Poultry is an excellent source of lean, low fat protein. Whether you’re barbecuing chicken on the grill, preparing that holiday turkey, or preparing fried chicken for a picnic there are a lot of choices for adding more poultry to your diet. The USDA identifies six categories of poultry (Rock Cornish game hens are a form of chicken). Here they are:
Chicken – The domestication of poultry took place between 7,000 and 10,000 years ago. This may have originally been as a result of people hatching and rearing young birds from eggs collected from the wild, but later involved keeping the birds permanently in captivity. Domesticated chickens may have been used for cockfighting at first and quail kept for their songs, but soon it was realized how useful it was having a captive-bred source of food.
Today, chicken is the most popular poultry in the world. It is available fresh or frozen in many forms. Although the sex of the bird doesn’t matter, older male birds are generally tough and stringy and are not as flavorful as female birds. The French poulet de Bresse is considered the world’s finest, and is a blue-legged variety raised on a diet of milk products plus sweet corn and other grains near the village of Bresse in southeastern Burgundy. They are only available in the US from specialty food importers at a premium price.
Rock Cornish Game Hen – The Rock Cornish game hen is a cross between the Cornish Game and White Plymouth Rock chicken breeds and is described by the USDA as a “young immature chicken (less than five weeks of age), weighing not more than two pounds ready-to-cook weight.” Thus, it is not a true game bird. A Cornish hen typically commands a higher price per pound than typically sold chickens, despite a shorter growing span of 28 to 30 days, as opposed to 42 or more for regular chicken.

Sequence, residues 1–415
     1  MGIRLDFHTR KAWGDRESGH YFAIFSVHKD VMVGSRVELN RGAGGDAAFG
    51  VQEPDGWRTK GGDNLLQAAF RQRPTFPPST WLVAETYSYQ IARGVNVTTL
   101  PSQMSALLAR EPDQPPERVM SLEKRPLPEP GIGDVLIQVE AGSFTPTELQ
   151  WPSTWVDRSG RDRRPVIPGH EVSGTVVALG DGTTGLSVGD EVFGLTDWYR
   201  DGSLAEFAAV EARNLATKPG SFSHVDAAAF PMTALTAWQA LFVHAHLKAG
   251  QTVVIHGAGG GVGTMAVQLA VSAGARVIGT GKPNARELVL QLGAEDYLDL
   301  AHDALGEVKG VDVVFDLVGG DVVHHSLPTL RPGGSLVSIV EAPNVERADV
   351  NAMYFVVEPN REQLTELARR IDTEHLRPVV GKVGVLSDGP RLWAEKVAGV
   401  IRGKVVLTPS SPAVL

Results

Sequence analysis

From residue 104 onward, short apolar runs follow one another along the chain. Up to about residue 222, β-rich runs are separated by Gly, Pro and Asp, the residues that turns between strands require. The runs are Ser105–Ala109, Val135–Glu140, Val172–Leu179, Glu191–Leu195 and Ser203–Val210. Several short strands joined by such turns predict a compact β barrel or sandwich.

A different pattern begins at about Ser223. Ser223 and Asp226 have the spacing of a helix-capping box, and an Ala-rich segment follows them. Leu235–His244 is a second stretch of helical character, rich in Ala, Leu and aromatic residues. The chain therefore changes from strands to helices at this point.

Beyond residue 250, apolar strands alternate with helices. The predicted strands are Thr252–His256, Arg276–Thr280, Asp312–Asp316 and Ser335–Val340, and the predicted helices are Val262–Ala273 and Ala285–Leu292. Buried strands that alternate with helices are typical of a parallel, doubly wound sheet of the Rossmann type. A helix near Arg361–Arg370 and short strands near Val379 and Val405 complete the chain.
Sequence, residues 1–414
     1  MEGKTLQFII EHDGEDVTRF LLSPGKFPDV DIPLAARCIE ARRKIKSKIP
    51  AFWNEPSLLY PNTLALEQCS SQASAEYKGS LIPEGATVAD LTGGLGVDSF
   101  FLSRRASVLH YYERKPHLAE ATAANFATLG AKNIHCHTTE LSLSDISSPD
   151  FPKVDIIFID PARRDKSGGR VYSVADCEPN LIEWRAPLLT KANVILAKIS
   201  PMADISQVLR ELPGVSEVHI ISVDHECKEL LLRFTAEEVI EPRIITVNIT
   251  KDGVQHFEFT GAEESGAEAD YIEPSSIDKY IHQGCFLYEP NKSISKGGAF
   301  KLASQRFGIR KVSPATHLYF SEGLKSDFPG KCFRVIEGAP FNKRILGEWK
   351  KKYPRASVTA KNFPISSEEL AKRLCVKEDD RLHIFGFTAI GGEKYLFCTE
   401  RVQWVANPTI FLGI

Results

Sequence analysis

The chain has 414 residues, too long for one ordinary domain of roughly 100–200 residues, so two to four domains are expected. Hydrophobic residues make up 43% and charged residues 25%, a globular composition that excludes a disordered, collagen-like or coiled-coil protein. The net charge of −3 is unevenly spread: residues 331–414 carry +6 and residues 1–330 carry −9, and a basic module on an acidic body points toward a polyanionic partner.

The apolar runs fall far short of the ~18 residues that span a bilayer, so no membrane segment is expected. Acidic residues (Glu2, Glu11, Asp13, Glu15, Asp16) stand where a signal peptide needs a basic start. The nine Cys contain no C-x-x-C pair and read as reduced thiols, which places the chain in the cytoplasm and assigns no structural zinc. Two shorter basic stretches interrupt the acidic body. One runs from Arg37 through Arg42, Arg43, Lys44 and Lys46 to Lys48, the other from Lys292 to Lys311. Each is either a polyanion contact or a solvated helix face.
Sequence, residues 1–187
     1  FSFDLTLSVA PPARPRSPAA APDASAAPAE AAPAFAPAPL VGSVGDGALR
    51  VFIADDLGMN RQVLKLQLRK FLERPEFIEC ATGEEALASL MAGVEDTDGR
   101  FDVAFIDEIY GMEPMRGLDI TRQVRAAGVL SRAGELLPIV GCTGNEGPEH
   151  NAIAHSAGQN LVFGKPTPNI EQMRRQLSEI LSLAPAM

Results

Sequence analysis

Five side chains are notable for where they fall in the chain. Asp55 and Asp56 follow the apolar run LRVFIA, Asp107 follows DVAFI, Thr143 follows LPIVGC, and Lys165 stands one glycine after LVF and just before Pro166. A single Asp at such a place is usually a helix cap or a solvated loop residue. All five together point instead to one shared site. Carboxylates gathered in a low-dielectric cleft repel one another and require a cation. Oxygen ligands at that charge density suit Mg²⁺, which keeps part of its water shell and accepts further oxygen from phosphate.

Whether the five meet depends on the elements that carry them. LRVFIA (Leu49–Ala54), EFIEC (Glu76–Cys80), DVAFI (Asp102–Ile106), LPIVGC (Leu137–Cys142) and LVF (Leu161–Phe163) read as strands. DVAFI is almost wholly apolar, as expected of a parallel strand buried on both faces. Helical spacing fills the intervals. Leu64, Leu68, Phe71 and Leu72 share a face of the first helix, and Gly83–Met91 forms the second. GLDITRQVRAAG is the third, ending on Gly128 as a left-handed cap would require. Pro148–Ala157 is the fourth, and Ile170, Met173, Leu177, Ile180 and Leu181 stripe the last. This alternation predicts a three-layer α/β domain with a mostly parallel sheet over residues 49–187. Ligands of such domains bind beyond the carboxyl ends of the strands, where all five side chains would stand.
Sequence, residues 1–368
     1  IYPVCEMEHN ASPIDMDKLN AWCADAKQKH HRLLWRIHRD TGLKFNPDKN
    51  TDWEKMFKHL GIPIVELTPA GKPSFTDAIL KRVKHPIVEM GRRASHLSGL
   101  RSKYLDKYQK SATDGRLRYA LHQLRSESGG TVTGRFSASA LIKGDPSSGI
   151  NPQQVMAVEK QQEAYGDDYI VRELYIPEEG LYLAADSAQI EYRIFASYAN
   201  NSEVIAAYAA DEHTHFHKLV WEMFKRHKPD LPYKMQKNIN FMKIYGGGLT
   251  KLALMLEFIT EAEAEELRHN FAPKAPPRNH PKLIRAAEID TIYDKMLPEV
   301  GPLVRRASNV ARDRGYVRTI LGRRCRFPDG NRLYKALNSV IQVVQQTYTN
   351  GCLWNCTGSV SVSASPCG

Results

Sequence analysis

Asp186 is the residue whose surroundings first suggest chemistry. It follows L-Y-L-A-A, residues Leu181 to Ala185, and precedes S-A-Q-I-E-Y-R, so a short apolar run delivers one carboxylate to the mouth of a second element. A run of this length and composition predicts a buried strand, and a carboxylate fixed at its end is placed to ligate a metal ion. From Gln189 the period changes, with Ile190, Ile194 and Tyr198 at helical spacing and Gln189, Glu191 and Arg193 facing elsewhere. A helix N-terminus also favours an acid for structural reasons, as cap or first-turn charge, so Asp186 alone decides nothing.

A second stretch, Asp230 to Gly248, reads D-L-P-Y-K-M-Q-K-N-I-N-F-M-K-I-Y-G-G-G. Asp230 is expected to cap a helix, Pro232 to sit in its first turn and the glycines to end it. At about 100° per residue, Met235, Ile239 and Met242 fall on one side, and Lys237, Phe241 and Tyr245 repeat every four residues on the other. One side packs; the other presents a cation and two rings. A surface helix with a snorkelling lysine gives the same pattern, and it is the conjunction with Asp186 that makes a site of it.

Duck – Duck contains only dark meat and is available whole or as duck breasts, usually frozen. Duck has a high percentage of fat and it is important to render as much fat as possible. Ducks were not mentioned in agricultural texts in Western Europe until about 810 AD, when they began to be mentioned alongside geese and chickens as being used for rental payments made by tenants to landowners. Ducks are farmed mainly for their meat, eggs, and down.
In some countries, geese and ducks are force-fed to produce livers with an exceptionally high fat content for the production of foie gras. Over 75% of world production of this product occurs in France, with lesser industries in Hungary and Bulgaria and a growing production in China. Foie gras is considered a luxury in many parts of the world, but the process of feeding the birds in this way is banned in many countries on animal welfare grounds
Goose – Geese also contains only dark meat and has very fatty skin. It is usually roasted at high temperatures to render or burn off the fat. Domestic geese are larger than their wild counterparts.
Guinea Hen – the domesticated descendant of a game bird with both light and dark meat and a flavor similar to that of a pheasant, it contains very little fat. It must be “barded” or have fat added to it (inserted in cuts in the skin or overlapped with bacon) to make it juicy and tender. Guinea hens eat mainly insects, but also consume grasses and seeds. They will even eat the ticks that carry Lyme disease. They happily roost in trees and give a loud vocal warning of the approach of predators.